Yes they do. I've still got my Google 'Hire Squad' t-shirt somewhere (when you get trained on how to do interviews at Google you used to get a t-shirt) And they expect the interviewer to transcribe what you write on the white board into your feedback so that the hiring committee can read your notes and know what you're talking about.
You see the part you've missed here is that at Google, the person doing the interviewing has nothing at all with the person deciding if you should be hired. They interview you, using the techniques they were trained to use, they transcribe the whole thing like a court reporter, adding what color they can and a float between 0 and 4 (0 is 'run way', 4 is 'walks on water') And the then that goes into a 'packet' which gets sent to a hiring commitee where a different bunch of people read it (and the notes of everyone else) and they they decide if you are going to move forward in the process.
Writing syntax accurate code on the white board is always a plus. Although one candidate on seeing the dozen different color markers, wrote both syntax accurate and colorized code. That was good for a chuckle (and strangely I think it got them points in the committee).
Doesn't most of the personality of the person get lost in this setup? I mean, hiring people purely on technical merits may sound fine, but I'm not sure if that makes for a very pleasant working environment.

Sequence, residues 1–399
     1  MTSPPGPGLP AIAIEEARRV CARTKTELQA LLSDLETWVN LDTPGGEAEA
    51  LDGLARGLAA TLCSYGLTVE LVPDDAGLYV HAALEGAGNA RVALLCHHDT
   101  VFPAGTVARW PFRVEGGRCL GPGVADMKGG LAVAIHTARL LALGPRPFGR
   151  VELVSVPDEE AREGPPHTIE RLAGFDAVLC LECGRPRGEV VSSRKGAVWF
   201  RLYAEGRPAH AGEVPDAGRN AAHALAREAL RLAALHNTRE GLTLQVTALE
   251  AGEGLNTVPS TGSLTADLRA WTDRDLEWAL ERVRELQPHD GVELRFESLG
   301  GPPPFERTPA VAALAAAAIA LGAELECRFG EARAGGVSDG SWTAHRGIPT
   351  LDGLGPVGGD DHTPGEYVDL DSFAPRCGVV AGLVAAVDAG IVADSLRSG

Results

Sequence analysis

I think the whole hiring committee removes a lot of biases that people may have and the end result, in my opinion, is a workplace that's a lot more diverse than any other I've been at.
There is a difference between forgetting to put a semicolon at the end of a line (totally harmless on a whiteboard interview), and not knowing that semicolons end statements in C.
Of course, not knowing say, part of the standard library, say the semantics of rand(), without a man page or Google search is much more excusable.
In all seriousness, I really don't get whiteboarding in interviews.
I code in a variety of languages and every time I use .indexOf(), I can't remember if it's (needle, haystack) or (haystack, needle). Of course, my IDE shows me the correct way and I go with it in 0.3 seconds.
On a whiteboard, if I were marked down for getting that the "wrong", I don't think I'd like to work for those kind of people anyway. I have no interest in memorizing the exact syntax of every standard library call in every language. When I can look it up almost instantaneously, my mental efforts are best spent elsewhere.
I don't care if they can't remember order of parameters, or really even the name of the methods. But if you can't write syntactically correct code without an IDE, it seems like a problem.
But I personally wouldn't dock a person if they screwed up the syntax on a whiteboard coding interview - I really use it more as a way to extend the conversation. I do have the bad habit of correcting syntax, though, because I find it too distracting once I see it.